Tom Waits, in the role he was born to play, is a gold prospector in the fourth story, “All Gold Canyon.” Waits, talking mostly to himself (while occasionally addressing some unknown being named “Mr. Pocket”) pans for gold, pilfers eggs out of an owl’s nest, and fishes, and it’s all very soothing to watch. Just as soon as it looks like he’s found the reward for all his hard work, however, a shadow falls over him, which, in this kind of world, is never a sign of anything good.

“The Gal Who Got Rattled,” the longest in the anthology, is somewhat of a love story, though that’s not typically a Coen genre, and, indeed, ends with their far more familiar tragedy by way of fate’s indifference. Zoe Kazan plays Alice Longbaugh, a meek young woman traveling to Oregon with her officious brother so that she can marry a man she’s never met before, as part of a “business arrangement.” After the brother dies unexpectedly, Alice is looked after by Billy Knapp (Bill Heck), a philosophical wagon train driver, and the two begin a tentative romance. Of the six stories, this one seems to be the cruelest in its abruptness, and how life seems to punish us for daring to stray off course.

The final story, “The Mortal Remains,” is likely to be the most polarizing of the six stories. The only one of the stories that doesn’t rely on stunning outdoor shots, it takes places almost entirely inside a stagecoach, where three travelers (Tyne Daly, Saul Rubinek, and Chelcie Ross), when they’re not squabbling amongst each other, make the acquaintances of a pair of “collectors” (Jonjo O’Neill and Brendan Gleeson). Given the otherworldly lighting, you can probably guess what the collectors are there to collect, and where the stagecoach is going. Though it’s entirely dialogue driven, it puts a clever but deeply unsettling end to a series of stories about characters who accept their fate with their heads up, and occasionally, as with Buster Scruggs himself, even a smile on their faces.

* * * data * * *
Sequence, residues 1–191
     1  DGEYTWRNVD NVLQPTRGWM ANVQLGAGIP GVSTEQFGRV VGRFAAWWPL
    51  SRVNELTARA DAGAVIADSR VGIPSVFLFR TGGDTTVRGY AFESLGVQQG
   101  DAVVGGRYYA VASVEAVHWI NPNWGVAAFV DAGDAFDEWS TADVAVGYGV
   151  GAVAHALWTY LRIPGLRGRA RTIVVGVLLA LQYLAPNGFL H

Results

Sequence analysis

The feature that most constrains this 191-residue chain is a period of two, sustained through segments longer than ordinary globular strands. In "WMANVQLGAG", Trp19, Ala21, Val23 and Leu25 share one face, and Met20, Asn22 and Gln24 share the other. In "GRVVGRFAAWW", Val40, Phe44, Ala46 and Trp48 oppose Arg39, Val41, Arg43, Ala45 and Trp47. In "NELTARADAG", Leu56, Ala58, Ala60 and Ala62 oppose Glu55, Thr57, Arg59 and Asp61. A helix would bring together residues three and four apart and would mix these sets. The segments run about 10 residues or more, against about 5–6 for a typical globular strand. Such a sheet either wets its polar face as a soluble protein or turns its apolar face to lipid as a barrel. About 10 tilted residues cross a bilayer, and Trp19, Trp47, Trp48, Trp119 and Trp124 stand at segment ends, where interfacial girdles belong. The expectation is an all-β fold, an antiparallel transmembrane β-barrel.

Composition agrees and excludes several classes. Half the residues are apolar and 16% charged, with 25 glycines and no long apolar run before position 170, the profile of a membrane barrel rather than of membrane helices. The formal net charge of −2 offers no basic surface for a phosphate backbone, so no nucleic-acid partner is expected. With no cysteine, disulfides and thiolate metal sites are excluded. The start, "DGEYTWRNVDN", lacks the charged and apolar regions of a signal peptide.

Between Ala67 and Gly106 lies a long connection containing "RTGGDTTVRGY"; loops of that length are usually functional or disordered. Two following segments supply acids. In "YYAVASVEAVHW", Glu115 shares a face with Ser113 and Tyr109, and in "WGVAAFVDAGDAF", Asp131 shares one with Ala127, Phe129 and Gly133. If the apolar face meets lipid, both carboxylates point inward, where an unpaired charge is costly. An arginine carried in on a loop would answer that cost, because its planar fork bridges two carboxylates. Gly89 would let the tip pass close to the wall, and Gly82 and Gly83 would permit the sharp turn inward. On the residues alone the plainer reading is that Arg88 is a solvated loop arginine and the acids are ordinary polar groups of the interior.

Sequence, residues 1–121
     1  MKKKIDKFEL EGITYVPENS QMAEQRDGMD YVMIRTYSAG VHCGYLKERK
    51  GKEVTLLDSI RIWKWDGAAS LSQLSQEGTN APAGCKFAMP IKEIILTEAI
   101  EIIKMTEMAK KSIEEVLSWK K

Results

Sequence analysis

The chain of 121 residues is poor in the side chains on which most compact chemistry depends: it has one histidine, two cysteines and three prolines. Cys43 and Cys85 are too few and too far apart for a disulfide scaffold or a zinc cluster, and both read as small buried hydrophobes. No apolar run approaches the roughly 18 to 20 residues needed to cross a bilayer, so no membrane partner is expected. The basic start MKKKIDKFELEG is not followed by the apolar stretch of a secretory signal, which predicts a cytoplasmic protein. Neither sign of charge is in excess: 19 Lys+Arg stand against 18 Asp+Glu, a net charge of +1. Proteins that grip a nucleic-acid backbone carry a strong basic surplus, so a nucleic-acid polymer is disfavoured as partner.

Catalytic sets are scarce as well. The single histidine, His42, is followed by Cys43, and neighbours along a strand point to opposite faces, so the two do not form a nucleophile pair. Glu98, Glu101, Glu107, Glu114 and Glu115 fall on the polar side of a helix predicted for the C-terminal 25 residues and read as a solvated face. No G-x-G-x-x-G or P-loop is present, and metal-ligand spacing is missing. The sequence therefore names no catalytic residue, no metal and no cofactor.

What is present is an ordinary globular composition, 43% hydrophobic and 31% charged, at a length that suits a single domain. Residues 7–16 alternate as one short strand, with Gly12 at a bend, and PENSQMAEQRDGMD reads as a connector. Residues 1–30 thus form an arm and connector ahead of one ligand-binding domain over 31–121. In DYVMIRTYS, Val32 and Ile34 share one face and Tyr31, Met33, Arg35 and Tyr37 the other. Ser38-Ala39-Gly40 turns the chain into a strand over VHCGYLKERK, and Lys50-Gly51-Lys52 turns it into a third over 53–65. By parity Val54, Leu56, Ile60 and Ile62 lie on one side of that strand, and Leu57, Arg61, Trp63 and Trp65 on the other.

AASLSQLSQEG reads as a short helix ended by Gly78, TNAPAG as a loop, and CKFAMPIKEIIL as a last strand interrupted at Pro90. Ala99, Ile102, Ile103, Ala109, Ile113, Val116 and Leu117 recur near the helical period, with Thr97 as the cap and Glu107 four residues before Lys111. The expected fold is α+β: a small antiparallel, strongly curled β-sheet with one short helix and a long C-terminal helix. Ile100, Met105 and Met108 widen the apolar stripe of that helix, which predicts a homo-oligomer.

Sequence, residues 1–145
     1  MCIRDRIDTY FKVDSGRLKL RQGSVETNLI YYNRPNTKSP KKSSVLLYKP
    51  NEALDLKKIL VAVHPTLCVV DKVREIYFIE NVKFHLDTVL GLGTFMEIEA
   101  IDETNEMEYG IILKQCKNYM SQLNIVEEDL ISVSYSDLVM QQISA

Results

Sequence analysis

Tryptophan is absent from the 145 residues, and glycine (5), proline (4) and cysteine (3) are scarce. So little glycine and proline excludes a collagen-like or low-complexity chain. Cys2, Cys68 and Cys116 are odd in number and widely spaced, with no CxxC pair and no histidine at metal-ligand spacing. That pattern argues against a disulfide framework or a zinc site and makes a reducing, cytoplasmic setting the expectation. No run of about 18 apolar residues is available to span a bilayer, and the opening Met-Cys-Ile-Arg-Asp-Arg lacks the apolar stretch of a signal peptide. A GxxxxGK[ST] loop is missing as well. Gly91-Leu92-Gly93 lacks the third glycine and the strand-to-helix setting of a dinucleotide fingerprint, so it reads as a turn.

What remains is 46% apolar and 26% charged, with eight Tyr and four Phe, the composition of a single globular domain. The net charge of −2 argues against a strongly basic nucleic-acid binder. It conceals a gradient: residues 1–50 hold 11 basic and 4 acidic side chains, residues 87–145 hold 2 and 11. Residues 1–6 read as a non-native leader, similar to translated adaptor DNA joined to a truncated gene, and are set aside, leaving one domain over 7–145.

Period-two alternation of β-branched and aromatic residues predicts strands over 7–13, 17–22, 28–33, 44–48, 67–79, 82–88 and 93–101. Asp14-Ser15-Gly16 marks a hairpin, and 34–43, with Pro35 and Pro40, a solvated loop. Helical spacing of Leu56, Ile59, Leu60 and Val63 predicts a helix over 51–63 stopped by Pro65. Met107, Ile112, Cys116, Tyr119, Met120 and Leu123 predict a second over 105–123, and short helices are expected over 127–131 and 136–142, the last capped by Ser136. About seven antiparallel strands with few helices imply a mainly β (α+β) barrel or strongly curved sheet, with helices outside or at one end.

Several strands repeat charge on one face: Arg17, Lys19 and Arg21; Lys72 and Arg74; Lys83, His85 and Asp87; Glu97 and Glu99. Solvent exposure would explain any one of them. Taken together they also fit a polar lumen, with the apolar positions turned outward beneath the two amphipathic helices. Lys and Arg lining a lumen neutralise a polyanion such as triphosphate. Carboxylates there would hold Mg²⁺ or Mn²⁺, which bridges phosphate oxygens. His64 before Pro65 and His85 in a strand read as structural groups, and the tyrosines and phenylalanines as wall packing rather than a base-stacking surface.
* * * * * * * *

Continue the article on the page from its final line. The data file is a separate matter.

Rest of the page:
While Buster Scruggs won’t likely shoot to the top of anyone’s “best of” lists, after the misfire of Suburbicon (which they wrote but didn’t direct), and the amusing but aimless Hail, Caesar!, the Coens are back in full form, making a movie that will both dazzle and confound. The smile that the first story leaves on the viewer’s face gradually turns to a frown of existential discomfort by the end.

As is often the case with anthologies, it is, however, uneven in tone, and combining the mad quirkiness of, say, The Hudsucker Proxy with the cynical desolation of No Country for Old Men is a bit jarring at times. But it is, ultimately, one long story about a place, the land, and as beautiful as the land is, it’s also unforgiving, and it’s bigger than you, and it will be here long after you’ve gone and returned to the dust.

 

The Ballad of Buster Scruggs is currently available on Netflix, so mosey on over and see it.

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About Gena Radcliffe

Gena Radcliffe is a writer and co-host of the Kill by Kill podcast, on which she coined the phrase "corpse juice." She writes about old TV, movies, pop culture, and very occasionally "Law & Order" at genaradcliffe.com.